TIME:2020-06-18 11:33:22 READ:145

A large police presence will remain in Melbourne's western suburbs until the threat of revenge for a fatal attack on a teenager earlier this week eases.

Solomone Taufeulungaki, 15, died after he was approached by a group of up to 10 and stabbed outside Brimbank Shopping Centre on Tuesday.

Six boys aged between 13 and 16 were charged with violent disorder and affray and appeared in a children's court on Wednesday.

No-one has been charged over the death.

Solomone's cousin Aki Faiva told the Today show she was with Solomone right before he was attacked.

"I was walking with him that day," Aki said.

"I was walking with him near the library and then we heard a group of boys run towards us. So then he told me, run, Aki, run, Aki.

"I ran across the street to the church and then they got him and that's when he got beat up.

"I saw everything."

Victoria Police Northwest Metro Commander Tim Hansen said immediately after the stabbing, police turned their attention to the likelihood of retribution.

While a revenge attack had not taken place, Commander Hansen said a heavy police presence would remain in the area "over the next couple of weeks until we get the sense the likelihood of retribution or reprisal is minimised".

Police yesterday activated Operation Omni for 24 hours after receiving intelligence of a potential violent attack.

"We took that step last night but that intelligence never came to fruition," Commander Hansen said.

A black and white photo of a teenage boy in a school uniform.
Solomone Taufeulungaki was stabbed to death outside the Brimbank Shopping Centre.(Supplied)

The operation allows police to declare a location a designated area and gives police further powers to conduct searches for weapons and remove masks from people.

He said there was interplay between different gangs across Melbourne's west and south-east, with communication between the groups carried out over social media.

"If these kids want to come back into the western suburbs of Melbourne and get involved in a fight in coming days or coming weeks, we will be there ready and waiting for them and they will be held to account," Commander Hansen said.

Commander Hansen said police were engaging with community groups to ensure a revenge attack did not happen.

Parents unaware 'how dangerous social media can be'

Pasifika community leader Rita Seumanutafa told the ABC's Pacific Beat program more needed to be done to engage teenagers in school and family life.

"Our kids, right from the get-go, are trying to make life a bit better for themselves and feel like they belong," Ms Seumanutafa said.

A weeping man and woman support each other next to a tree where they have laid flowers.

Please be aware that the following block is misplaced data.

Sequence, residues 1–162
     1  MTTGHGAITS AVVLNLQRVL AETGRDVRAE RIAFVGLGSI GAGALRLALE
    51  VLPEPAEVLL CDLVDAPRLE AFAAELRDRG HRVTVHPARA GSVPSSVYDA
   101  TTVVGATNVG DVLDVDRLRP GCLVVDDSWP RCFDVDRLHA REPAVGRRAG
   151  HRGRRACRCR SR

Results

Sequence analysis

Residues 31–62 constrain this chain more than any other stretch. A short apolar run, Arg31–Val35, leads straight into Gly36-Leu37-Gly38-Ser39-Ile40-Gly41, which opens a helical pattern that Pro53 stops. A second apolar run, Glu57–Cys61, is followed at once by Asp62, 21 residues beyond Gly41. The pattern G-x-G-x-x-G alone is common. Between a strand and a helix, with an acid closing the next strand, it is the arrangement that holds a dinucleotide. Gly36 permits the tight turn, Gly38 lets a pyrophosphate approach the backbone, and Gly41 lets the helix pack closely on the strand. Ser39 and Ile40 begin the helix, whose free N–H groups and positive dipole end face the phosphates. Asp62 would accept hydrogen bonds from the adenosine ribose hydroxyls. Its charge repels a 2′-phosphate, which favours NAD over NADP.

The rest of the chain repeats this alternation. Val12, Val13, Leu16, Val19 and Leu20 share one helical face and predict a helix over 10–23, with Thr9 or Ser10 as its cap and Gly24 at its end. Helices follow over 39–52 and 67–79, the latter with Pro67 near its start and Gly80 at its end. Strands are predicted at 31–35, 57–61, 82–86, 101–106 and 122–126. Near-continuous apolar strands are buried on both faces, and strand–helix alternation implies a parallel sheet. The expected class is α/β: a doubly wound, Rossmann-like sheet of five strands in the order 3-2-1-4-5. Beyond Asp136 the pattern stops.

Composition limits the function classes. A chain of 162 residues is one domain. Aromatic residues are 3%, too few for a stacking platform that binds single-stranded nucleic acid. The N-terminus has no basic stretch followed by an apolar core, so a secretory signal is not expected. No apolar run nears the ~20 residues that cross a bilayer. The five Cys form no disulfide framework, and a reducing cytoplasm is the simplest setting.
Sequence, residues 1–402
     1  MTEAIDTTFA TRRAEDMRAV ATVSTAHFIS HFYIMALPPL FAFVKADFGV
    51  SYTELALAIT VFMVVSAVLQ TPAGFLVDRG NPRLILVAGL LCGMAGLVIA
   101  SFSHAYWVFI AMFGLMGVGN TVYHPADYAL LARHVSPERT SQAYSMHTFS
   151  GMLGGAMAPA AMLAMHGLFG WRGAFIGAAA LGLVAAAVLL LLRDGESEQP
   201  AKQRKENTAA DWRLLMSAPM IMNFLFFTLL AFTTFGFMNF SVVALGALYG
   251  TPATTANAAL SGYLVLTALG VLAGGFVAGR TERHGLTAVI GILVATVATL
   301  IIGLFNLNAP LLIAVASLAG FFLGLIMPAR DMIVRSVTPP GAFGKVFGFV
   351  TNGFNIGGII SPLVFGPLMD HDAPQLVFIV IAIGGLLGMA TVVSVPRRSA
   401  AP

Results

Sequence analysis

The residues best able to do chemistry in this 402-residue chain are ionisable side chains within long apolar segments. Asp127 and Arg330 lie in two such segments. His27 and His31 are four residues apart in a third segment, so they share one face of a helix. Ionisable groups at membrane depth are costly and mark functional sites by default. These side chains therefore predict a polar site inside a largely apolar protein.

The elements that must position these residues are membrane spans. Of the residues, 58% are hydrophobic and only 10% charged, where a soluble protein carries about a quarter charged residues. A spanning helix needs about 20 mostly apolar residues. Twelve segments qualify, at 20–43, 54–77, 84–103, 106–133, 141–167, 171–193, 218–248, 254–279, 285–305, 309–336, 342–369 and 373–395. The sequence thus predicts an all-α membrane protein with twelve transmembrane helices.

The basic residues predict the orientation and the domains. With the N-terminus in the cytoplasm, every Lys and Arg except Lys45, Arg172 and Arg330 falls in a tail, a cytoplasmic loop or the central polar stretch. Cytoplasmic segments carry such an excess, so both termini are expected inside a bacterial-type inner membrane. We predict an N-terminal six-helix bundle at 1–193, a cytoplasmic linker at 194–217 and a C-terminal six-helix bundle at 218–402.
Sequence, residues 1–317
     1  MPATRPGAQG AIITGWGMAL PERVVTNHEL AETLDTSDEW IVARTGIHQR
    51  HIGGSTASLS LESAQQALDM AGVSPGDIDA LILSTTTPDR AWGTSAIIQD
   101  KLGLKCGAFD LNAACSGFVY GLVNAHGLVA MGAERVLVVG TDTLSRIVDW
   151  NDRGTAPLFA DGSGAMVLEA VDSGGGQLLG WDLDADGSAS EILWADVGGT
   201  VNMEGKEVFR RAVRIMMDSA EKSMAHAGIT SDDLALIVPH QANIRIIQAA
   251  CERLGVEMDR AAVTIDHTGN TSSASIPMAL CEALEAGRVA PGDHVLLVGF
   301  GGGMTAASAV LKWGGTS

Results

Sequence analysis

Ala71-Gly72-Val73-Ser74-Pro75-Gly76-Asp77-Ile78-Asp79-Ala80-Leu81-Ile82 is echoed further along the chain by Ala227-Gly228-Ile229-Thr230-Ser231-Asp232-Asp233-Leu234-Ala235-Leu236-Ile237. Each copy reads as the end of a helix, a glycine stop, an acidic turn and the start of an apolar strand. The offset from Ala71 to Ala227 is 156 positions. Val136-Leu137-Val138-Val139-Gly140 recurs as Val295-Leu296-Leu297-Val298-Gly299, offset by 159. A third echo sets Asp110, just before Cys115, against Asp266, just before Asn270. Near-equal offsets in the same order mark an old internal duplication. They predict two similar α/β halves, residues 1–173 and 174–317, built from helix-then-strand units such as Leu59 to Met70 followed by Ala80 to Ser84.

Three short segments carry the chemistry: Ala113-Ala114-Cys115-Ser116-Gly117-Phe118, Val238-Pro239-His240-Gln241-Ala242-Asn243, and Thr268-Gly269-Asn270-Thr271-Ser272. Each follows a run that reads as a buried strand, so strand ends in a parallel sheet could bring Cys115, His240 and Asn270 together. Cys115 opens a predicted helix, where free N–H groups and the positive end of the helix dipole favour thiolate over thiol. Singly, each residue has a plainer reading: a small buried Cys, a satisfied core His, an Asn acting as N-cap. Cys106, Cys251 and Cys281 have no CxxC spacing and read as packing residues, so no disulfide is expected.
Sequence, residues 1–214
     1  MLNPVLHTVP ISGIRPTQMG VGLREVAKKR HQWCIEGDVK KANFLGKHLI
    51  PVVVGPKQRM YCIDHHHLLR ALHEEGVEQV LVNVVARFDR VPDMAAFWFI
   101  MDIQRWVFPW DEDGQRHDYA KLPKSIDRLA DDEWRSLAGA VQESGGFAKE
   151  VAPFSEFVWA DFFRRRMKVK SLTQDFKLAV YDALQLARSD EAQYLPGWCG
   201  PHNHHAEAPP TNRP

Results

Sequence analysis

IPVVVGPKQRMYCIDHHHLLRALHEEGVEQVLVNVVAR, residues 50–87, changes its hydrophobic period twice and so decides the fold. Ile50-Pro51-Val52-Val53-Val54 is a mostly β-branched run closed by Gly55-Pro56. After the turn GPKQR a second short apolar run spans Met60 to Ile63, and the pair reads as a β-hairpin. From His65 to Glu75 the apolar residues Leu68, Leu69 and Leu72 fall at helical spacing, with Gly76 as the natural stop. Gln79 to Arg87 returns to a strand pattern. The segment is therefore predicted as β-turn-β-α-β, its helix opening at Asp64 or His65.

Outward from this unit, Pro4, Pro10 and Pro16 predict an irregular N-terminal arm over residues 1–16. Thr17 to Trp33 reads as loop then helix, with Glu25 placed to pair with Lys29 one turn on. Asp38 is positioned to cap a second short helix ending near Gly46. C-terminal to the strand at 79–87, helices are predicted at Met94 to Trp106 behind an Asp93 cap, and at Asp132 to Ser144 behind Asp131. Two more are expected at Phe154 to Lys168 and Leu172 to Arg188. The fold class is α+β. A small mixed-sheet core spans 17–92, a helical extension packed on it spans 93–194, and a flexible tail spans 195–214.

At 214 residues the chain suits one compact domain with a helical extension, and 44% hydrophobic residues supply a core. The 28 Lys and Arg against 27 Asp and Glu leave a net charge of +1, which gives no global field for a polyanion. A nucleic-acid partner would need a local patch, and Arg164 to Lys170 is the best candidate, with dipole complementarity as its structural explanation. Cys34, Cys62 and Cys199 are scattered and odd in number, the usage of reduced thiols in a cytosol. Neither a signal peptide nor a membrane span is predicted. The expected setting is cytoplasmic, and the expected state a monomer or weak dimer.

Solomone Taufeulungaki's parents have forgiven those allegedly responsible for their son's death.(ABC News)

"We have a whole lot of kids dropping out of school and meeting up with like-minded kids and they're out there trying to form groups and the media portrays them as gangs."

She said more funding needed to be provided so Pacific Island workers could engage with Pacific Island children.

"You can't just have one multicultural officer for everyone."

Ms Seumanutafa said many parents were unaware how social media was having a huge affect on how teenagers saw their world.

"Make sure you know where they are and [find out] if your child is engaging, and if they aren't engaging with you or in a family setting there are services, there are groups, with a lot of influence in the community … you can find ways for them to engage."

Knife crime in Melbourne continues to increase

Commander Hansen said while Melbourne was a safe city, it was also a growing capital city in excess of 5 million people, which brought with it higher levels of crime.

"We are a 24-hour, seven-day-a-week capital city. Anywhere around the world when you look at those statistics you have crime issues and you have youth crime issues," he said.

"Knife crime has been increasing for the last five years in the western and northern suburbs of Melbourne."

Commander Hansen said over the past 24 months, police conducted about 560 random searches in designated areas and found weapons about 20 per cent of the time.

He said police were seeing an emerging group of 10-to-14-year-olds being involved in crime, especially in the western suburbs.

"It is a broad area, we know the kids are coming from as far away as Point Cook, from as far away as Melton and Footscray," he said.

"I see the risk this is presenting on a day-by-day basis. It's time for us to say collectively, 'enough is enough'.

Commander Hansen said parents, teachers and community leaders needed to teach teenagers about the "inherent risk that carrying a weapon presents to them".

"If they continue to carry knives, in all likelihood, there will come a time for this parent when their kids won't come home," he said.

Commander Hansen said the image of "American gang culture" resonated with young people across Melbourne.

"They purport to have courage and look out for each other but when you look at how they operate, they are anything but," he said.

"They seek to gain notoriety by retail swarming, getting their hands on goods, they seek to have this brotherhood or sisterhood-type image but in my experience they will sell each other out at the drop of a hat."

Commander Hansen said he hoped Solomone's parents asking for peace would resonate with people to help solve the "wicked" problem of knife crime in the city.

He said he wanted teenagers involved in youth crime to understand they would carry the consequences of their actions with them for the rest of their lives.

Tel:

03 85551111/03 85554666

Add: F17/2A Westall Road,Clayton,VIC 3168

Email us: info@aussos.com




Tel:03 85551111/03 85554666

Add:F17/2A Westall Road,Clayton,VIC 3168

Email us:info@aussos.com